“The zoo was so cool,” Reagan said. “It was more casual. A lot of people just sat down and listened to the whole thing. Everyone was like so friendly and they cheered us on even though they didn’t know who we were.”

She was also impressed that the Lincoln Park Zoo is free for the public to visit. Even after their performance, members of the choir did not want to stop singing at the zoo.

“When we were walking around the zoo, we just started singing out of the blue,” Reagan said.

She said it was great getting to know the other teens in the choir during the trip.

“It was really fun,” Reagan said.

The choir students and adults also took a Chicago River architectural boat tour where they saw and learned about buildings in the city. They visited Millennium Park and saw the famous steel mirror sculpture called Cloud Gate, which has the nickname “The Bean,” and also heard performers in a blues festival.

Stewart said the trip to Chicago helped the young singers spread their wings musically and socially.

“So many of them had never been to Chicago,” she said. “It’s such a part of our American history…it’s such an inspiring city. They’ve done a lot of projects to encourage commerce and build their city.”

The singers had a chance to perform in places with different acoustics than they were used to in Arizona while in Chicago.

“It’s so good for them to be adaptable to new situations and be ready to perform,” Stewart said. “Whether you’re tired or a little jet lagged you’ve gotta be ready and give these people a good show.

“When we’re in rehearsals we are working so hard. We don’t have a lot of down time or connecting time. This really bonds our choir together. We saw friendships form that we hadn’t seen before all season.”

The teens also learned how to manage their own money and be responsible for getting enough sleep and eating healthy foods, as well as figuring out how to take public transportation and “navigate a new city,” she added.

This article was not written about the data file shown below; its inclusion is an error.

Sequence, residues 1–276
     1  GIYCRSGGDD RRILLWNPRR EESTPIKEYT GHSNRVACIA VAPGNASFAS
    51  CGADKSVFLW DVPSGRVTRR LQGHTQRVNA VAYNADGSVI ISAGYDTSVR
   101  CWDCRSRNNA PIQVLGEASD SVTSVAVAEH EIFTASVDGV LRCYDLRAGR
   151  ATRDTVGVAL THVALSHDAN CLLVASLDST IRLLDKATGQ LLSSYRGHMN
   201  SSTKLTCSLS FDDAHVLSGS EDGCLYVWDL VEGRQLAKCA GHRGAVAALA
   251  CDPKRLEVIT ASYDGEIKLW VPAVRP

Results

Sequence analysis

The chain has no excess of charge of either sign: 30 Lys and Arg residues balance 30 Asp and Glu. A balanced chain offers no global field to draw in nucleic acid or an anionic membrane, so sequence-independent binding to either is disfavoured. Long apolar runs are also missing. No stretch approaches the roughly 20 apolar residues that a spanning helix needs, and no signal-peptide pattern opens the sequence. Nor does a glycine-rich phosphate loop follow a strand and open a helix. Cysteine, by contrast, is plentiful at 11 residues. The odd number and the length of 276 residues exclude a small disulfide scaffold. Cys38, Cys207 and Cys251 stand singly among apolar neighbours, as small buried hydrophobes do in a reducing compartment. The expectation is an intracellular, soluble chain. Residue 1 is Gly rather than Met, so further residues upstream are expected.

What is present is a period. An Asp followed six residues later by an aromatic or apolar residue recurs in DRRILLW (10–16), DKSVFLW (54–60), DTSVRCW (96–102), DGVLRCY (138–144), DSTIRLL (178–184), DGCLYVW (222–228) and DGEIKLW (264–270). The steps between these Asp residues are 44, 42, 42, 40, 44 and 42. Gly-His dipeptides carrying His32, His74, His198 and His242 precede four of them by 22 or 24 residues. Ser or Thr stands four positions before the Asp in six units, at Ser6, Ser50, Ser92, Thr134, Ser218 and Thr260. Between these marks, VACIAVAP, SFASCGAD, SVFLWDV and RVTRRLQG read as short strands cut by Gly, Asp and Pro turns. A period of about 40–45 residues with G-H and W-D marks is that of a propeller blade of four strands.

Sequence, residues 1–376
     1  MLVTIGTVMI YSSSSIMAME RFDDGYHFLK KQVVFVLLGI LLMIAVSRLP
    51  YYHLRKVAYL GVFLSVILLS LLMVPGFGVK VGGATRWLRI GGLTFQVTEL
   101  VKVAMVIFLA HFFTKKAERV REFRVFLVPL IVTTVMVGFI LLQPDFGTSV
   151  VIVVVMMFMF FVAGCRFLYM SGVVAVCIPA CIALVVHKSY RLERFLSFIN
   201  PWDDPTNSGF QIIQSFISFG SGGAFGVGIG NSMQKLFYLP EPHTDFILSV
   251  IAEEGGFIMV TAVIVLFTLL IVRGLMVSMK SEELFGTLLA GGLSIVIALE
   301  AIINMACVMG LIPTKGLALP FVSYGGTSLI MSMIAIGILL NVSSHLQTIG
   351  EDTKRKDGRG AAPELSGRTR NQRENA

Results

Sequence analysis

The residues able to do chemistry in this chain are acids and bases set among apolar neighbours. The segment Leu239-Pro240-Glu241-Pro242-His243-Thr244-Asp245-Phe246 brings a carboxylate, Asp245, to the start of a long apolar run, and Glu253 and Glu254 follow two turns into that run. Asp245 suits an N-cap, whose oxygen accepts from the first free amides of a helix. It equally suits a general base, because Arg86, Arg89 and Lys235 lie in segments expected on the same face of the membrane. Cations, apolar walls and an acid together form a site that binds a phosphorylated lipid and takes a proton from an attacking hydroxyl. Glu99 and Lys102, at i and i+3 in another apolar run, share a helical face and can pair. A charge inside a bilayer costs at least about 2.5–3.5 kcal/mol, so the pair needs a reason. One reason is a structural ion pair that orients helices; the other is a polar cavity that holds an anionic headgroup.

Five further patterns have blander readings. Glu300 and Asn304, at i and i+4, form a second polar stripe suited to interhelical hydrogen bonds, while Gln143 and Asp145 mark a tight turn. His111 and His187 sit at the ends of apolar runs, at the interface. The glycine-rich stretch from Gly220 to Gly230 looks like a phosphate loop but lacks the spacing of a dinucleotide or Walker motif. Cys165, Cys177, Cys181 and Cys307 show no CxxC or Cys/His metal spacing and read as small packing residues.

Stewart also enjoyed traveling with the choir in Chicago with her husband, Adam, who is co-founder of the Chandler Children’s Choir and president of the organization’s board of directors.

The couple also brought their daughter, Ivy, 13, a member of the Cantus Choir, who will be a freshman at Corona del Sol High School this fall, as well as their son, Eli, 16, who will be a junior at Corona del Sol, and Oliver, 9; who will be a fourth-grader at Kyrene de la Paloma Elementary School, on the trip.

Ashley Arp, tour manager and executive director of the Chandler Children’s Choir, who is also a parent of a choir member, also came on the trip. Four other parents of choir members also accompanied students as chaperones in Chicago.

Reagan has enjoyed singing in the Chandler Children’s Choir since 2009. The choir is divided into different groups according to boys and girls’ ages and levels.

“It’s kind of just another home for me,” Reagan said. “No matter how bad the week could be or whatever’s going around in school it’s a really nice place to go and be with friends and get to sing.

“We sing lots of different songs. Our range of songs is so wide. We sing in lots of different languages. That’s really interesting for me. It’s just a very close-knit family-type environment. I’ve made friends with little nine-year-olds. We’re all just there for each other.”

The Cantus Choir traveled to Vancouver, British Columbia, Canada, last year and the year before they had visited New York City and prior to that they had toured San Francisco.

Next year the choir will visit Salt Lake City and the group is saving money to visit England and Ireland in 2021. Fundraisers are held during the season and choir members have babysat and held bake sales to raise money for the trips.

Information: chandlerchildrenschoir.org